Fiesta Asia Street Fair Draws Scores to Nation’s Capital

Ananya (left) and Soumya Mishra, sisters and students of the Natananjali School of Dance founded by Lakshmi Swaminathan, performing a Bharatanatyam dance dedicated to Lord Shiva at the Fiesta Asia Street Fair in Washington, DC

Viva La Fiesta Asia: Showcasing Rich Culture in Capital

By Geeta Goindi

Washington, DC, May 19, 2012 – Under a pristine blue sky on a summer-like day in the nation’s capital, thousands of people converged on the Avenue of the Presidents to partake in the Fiesta Asia Street Fair. For the seventh consecutive year, this festival was held to celebrate the Asian Pacific American Heritage Month that is chock-a-block with events recognizing the tremendous achievements of the Asian American and Pacific Islander (AAPI) community.

The Fair is the signature celebration of the Asia Heritage Foundation which organizes a similar fiesta in Silver Spring, MD, a film festival at the West End Cinema in Washington, Passport DC around the World Embassy Tour and Fiesta Asia Planet Family at the Smithsonian Institution’s National Zoo. Organizers estimated that some 20,000 people attended the all-day event on Saturday, set against the awe-inspiring backdrop of the US Capitol building.

Speaking to INDIA THIS WEEK, Wuiping Yap, Executive Director of the Asia Heritage Foundation, stressed that “this is a Pan Asian event. We do a lot of other programs in-house as well as partner with other organizations in town”, she said.

Fiesta Asia Street Fair: A Cultural Treat in Capital City

The festival was a team effort displaying an uncanny ability to project a shared universe and it had its memorable moments!

Wuiping informed us that the Fair featured over 90 different performances on five stages as follows: the eastern cultural performance stage; Middle East belly dance stage; martial arts demo; western music stage; acoustic lounge and live auditions for an Asian American talent show, akin to American Idol, which will be presented by Kollaboration DC, come September.

Indian cultural performances, with their color and vibrancy and seeped in rich tradition, were a highlight at the Fair and included: Bharatanatyam by students of Nrityananda and Natananjali dance schools; sprightly moves by Doonya Bollywood Dance and Fitness; classical dances by students of Natyabhoomi and the Kuchipudi Dance Academy; and popular Bollywood songs by talented students of the Balaji Music Academy. Doonya instructors – Kajal Desai, Jeannie Baumann, Soma Kalb and Suhasini Yashodar Attawar – captivated the audience by leading a flash mob on the chartbuster ‘Chammak Challo’. Several festival-goers joined this impromptu Bollywood dance in sheer delight!

Soumya Mishra and her sister Ananya, both students of the Natananajali School of Dance, founded by Lakshmi Swaminathan and based here in Bethesda, performed a Bharatanatyam dance with commendable precision. Lakshmi explained that “the dance is known as the Shiva Ananda Thandavam which describes Lord Shiva’s thandavam dance and the impact it has: how Shiva is omnipresent, omnipotent; and how His dance is so powerful”.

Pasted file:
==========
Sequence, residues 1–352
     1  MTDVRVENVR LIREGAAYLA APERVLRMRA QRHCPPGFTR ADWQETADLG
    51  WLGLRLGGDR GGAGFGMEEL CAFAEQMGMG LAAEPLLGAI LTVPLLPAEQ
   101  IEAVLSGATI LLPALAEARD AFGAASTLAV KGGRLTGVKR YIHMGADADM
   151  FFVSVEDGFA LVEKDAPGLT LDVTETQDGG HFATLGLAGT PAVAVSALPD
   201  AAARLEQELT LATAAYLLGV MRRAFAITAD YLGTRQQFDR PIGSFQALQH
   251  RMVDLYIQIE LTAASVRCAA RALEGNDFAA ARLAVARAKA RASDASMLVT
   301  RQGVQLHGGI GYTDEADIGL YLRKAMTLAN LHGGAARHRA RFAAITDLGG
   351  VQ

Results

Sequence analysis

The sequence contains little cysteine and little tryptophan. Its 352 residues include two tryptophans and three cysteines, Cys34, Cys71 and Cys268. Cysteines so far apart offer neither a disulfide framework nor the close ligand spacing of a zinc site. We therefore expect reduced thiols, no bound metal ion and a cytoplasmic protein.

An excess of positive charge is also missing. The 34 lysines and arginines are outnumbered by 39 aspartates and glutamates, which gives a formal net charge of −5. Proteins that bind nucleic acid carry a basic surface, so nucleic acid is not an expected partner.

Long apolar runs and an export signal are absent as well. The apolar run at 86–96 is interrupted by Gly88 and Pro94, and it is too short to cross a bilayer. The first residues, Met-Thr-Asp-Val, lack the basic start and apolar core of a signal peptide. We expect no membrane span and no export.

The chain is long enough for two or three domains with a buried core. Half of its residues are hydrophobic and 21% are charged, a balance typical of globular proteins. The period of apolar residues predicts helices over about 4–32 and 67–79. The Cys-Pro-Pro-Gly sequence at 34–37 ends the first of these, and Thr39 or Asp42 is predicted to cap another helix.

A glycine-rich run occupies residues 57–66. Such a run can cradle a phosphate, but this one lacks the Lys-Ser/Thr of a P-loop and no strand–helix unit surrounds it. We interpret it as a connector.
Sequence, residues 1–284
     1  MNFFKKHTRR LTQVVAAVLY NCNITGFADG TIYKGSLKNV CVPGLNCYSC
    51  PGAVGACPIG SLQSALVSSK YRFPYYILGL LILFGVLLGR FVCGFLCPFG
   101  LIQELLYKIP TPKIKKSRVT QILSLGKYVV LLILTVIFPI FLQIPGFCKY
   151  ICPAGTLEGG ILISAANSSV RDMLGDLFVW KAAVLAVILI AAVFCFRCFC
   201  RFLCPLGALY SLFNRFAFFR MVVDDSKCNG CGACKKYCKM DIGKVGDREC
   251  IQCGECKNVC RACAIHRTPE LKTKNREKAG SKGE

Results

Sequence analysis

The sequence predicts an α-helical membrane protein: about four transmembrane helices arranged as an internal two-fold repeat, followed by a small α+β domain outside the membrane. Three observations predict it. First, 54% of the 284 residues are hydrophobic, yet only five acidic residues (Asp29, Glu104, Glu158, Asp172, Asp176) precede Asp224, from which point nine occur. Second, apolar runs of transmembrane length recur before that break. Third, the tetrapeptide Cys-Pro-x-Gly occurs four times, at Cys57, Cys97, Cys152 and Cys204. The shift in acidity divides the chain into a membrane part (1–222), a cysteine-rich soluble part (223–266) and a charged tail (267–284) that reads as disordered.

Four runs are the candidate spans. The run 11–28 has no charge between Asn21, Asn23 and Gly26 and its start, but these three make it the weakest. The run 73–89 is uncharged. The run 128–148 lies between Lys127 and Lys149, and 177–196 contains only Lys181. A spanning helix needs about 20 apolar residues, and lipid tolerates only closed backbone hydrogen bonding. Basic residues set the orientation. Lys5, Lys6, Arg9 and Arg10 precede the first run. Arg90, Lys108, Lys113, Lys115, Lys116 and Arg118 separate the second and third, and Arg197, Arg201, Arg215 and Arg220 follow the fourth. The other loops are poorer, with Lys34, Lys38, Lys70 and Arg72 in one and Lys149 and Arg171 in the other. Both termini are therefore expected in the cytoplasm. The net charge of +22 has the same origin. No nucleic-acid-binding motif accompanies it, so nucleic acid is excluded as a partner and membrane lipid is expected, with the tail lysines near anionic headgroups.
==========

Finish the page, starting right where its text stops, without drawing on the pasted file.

Mrs. Vatsala Mehra, founder and director of the Balaji Music Academy and a renowned ghazal and Sufi singer, told us that her students “are singing Bollywood songs, more so racy numbers so that the crowd can join in and dance with them as well”. On stage, there were eight students, ranging in age from 8 to 15 years, who sang such peppy songs as ‘Aap jaisa koi meri zindagi mein aaye’ (Qurbani), ‘Ainvayi Ainvayi’ (Band Baaja Baaraat), ‘Sajna jee wari wari’ (Honeymoon Travels) and ‘Aahun Aahun’ (Love Aaj Kal).

Established 11 years ago in McLean, VA, Balaji Music Academy is the only school of its kind dedicated solely to Indian vocal music. Mrs. Mehra stressed, “I teach the students classical music first, and then I teach them Bollywood.. After that, they learn Karaoke so they can perform in festivals like this, and at weddings and graduations. It gives them a lot of confidence when they are on stage singing by themselves”.

Students of the Academy were performing at Fiesta Asia for the third year in a row. “It is so much fun”, said Mrs. Mehra. “The atmosphere is so vibrant”.

Celebrating the power of community, the Fair offered manifold attractions: a cultural parade; coloring, story-telling, face painting for kids; magician; henna artist; lantern-making; lessons in Indian folk dance, Tinikling bamboo dance, Israeli folk dance and Hawaiian hula; a drums demo; cooking tips on Nepalese, Indonesian, Korean, Filipino and Burmese food.

It’s interesting to note that the festival opened on a spiritual note with Yoga in the morning for a refreshing ‘Lotus Hour’. Given the rich traditions of Asia, and India where Yoga was founded, it was an appropriate beginning to a celebration that is growing in popularity with each passing year.

Among the participating organizations in Fiesta Asia were: AALEAD which provides mentoring and other services to low-income Asian American students; Domestic Violence Resource Project; Danh Yoga; the Korean Heritage Foundation; Organization of Chinese Americans – DC Chapter; National Organization of Vietnamese American Leaders of Greater Washington, DC; Migrant Heritage Foundation; Taiwan Benevolent Association; and the Taiwanese American Association.

Doonya dance instructors performed at the Fiesta Asia Street Fair held in the nation’s capital. Seen from left to right are: Suhasini Yashodar Attawar, Kajal Desai, Soma Kalb and Jeannie Baumann
Students of the Balaji Music Academy with their Guru and teacher Mrs. Vatsala Mehra, renowned ghazal and Sufi singer, at the Fiesta Asia Street Fair in Washington, DC

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